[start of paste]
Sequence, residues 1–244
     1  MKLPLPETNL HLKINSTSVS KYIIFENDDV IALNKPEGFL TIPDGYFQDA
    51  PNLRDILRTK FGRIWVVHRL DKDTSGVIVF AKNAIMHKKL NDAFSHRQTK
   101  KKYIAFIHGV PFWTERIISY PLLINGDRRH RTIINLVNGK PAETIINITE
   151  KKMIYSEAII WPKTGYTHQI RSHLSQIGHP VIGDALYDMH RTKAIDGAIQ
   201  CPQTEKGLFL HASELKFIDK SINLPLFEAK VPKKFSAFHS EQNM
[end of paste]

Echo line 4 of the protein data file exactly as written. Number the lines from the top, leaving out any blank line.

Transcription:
   101  KKYIAFIHGV PFWTERIISY PLLINGDRRH RTIINLVNGK PAETIINITE